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Why I Will Not Participate in My Work's New Year's Fitness Challenge

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Editor’s note: If you live with an eating disorder, the following post could be potentially triggering. You can contact the Crisis Text Line by texting “NEDA” to 741-741.

“Are you overindulging on holiday treats and eggnog?”

My stomach tightened and throat closed as I read the email from my work. A fitness challenge — an opportunity to get into teams and be more active. On the surface, there is nothing inherently wrong with wanting to be more active. Exercise and activity are healthy, even wonderful in some cases. But for me, they are not an option. In my recovery from anorexia nervosa, I have been unable to exercise for almost a year. Even admitting that is painful.

When I read that email, I was overwhelmed with the prospect of the new year, a time filled with empty promises and overzealous resolutions. I am guilty of making these myself: exercise and lose weight. I am reminded of previous years spent meticulously planning my diet and exercise regime, praying that the number on the scale would keep decreasing.

2017 has been filled with ups and downs. Physically, I am in a much better place. I am weight restored and maintaining. My hair is shiny; my joints and muscles are not constantly aching; my skin is not grey; my body is no longer ice cold. However, mentally, I am still struggling. I feel the urge to restrict or exercise, constantly berated by the demands of anorexia.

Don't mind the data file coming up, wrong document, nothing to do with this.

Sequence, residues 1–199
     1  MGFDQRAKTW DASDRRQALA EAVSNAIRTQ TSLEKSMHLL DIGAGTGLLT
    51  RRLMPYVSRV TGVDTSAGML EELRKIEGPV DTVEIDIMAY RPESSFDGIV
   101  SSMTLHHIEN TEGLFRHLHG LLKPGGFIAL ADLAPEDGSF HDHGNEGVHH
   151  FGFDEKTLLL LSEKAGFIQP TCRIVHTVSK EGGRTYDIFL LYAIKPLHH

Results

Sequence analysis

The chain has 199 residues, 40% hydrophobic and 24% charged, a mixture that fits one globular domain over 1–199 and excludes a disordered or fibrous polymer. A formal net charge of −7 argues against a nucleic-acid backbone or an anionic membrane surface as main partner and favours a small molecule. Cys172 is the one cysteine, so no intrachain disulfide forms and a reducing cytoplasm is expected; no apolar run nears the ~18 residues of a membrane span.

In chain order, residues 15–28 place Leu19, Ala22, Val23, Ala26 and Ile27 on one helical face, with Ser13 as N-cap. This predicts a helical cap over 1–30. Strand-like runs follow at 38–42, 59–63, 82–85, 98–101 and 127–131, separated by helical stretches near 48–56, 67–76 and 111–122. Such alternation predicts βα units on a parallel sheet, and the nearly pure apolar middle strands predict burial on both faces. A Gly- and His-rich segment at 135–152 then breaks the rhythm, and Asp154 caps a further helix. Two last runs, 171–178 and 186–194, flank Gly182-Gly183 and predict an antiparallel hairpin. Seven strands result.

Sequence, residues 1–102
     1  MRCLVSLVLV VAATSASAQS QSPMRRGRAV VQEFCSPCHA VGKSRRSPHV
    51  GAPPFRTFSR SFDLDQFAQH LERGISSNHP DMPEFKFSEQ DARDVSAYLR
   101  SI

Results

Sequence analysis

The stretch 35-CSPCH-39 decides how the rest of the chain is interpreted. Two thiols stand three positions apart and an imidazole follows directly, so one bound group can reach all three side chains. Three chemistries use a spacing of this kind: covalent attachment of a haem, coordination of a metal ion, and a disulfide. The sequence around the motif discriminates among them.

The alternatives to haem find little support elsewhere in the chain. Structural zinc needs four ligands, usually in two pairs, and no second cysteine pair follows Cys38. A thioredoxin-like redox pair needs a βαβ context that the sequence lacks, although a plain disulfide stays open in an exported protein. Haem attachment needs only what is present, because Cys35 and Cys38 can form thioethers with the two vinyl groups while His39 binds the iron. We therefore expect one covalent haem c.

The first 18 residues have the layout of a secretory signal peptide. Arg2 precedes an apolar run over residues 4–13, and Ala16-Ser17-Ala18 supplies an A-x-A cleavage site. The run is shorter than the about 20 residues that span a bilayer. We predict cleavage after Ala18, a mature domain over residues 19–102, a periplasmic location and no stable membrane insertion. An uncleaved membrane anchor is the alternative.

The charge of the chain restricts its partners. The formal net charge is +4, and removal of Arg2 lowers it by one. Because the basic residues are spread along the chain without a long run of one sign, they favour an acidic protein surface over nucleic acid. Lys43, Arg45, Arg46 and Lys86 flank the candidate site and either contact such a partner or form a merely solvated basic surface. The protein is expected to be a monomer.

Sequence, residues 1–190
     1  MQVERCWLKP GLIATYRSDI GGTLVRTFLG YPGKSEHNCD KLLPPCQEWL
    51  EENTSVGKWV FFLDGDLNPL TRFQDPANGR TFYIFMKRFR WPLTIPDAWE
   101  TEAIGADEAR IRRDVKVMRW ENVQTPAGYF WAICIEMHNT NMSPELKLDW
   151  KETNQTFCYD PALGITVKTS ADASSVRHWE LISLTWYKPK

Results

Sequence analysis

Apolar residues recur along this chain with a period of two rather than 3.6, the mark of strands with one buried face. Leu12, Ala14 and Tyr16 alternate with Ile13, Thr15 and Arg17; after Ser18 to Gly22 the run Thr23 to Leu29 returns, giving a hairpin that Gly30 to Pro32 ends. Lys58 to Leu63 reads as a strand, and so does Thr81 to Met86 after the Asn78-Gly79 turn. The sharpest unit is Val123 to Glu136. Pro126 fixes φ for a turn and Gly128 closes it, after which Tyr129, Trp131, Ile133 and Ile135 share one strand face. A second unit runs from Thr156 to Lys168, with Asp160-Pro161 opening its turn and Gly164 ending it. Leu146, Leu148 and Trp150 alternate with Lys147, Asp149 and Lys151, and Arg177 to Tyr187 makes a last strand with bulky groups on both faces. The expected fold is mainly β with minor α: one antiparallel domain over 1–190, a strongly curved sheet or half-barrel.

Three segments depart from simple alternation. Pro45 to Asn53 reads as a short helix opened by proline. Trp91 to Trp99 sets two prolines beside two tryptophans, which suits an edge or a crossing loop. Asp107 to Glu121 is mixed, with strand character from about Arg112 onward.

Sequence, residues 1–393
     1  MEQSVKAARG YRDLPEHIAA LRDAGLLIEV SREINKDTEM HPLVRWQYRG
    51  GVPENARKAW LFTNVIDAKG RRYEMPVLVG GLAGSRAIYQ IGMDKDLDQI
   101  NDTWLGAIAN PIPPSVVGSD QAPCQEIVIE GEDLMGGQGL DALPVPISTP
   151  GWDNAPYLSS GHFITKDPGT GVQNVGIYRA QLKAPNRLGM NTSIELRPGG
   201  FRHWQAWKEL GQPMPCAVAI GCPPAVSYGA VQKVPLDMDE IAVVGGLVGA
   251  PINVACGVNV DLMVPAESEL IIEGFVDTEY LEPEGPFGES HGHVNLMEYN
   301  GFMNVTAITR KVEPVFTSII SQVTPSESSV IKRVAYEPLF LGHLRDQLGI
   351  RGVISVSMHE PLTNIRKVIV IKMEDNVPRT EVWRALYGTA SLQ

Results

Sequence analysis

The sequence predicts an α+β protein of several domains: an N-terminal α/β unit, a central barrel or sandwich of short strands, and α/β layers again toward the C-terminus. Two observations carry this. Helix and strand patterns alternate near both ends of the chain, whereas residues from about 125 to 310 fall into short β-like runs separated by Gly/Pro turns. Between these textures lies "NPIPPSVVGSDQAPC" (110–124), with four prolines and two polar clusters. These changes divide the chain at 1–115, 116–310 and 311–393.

And I do not need yet another reminder of what it felt like to be sick, entrenched in weight loss, in abusive exercise. For me, weight gain and a sedentary lifestyle are indicators of health. They signify that I am following my meal plan and no longer doing excessive cardio to purge calories. They signify that I am fighting my anorexia every single day, no matter how difficult it feels. They signify that I am on the long path to recovery.

As my psychologist always says, “Food is your medicine,” which means that yes, I will “indulge” in holiday treats and curl up on the couch. Because if I do, I will be enjoying time with loved ones rather than isolating. I will be laughing and making memories rather than shaking on the elliptical or going hours and hours without food. I will be me rather than my anorexia.

If you or someone you know is struggling with an eating disorder, you can call the National Eating Disorders Association Helpline at 1-800-931-2237.

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Getty Images photo via RossHelen

Originally published: December 29, 2017
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